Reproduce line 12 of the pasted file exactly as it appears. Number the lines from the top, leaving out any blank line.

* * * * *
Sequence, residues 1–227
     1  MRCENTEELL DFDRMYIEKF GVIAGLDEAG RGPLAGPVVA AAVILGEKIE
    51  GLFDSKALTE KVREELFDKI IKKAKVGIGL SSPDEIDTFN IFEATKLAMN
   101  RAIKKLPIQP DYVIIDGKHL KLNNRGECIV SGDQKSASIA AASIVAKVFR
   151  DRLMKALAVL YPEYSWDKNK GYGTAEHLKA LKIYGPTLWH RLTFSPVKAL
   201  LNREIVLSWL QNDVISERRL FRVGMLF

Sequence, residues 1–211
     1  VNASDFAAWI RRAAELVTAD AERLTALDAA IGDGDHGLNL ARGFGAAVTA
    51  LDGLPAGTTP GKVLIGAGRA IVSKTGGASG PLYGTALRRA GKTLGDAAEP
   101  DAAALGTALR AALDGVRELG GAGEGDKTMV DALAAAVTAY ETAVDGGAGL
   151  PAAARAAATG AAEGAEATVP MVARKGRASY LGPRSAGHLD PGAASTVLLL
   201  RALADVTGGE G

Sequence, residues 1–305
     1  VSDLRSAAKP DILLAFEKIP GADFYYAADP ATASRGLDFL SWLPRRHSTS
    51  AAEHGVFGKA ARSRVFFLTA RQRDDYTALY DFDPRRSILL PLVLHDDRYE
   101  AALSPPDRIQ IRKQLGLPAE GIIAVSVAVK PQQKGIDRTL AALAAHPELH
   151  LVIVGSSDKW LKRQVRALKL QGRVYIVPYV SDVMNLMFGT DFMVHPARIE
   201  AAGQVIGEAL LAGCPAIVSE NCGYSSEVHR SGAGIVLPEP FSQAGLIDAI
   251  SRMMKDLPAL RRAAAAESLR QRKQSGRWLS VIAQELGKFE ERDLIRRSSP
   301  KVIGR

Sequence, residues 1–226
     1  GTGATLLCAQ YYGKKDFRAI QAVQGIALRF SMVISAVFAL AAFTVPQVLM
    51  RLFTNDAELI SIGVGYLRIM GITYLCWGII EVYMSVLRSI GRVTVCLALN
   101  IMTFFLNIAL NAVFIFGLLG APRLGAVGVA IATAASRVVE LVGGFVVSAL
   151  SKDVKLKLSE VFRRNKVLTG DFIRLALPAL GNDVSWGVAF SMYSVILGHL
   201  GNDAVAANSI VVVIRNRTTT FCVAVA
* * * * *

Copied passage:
   201  RALADVTGGE G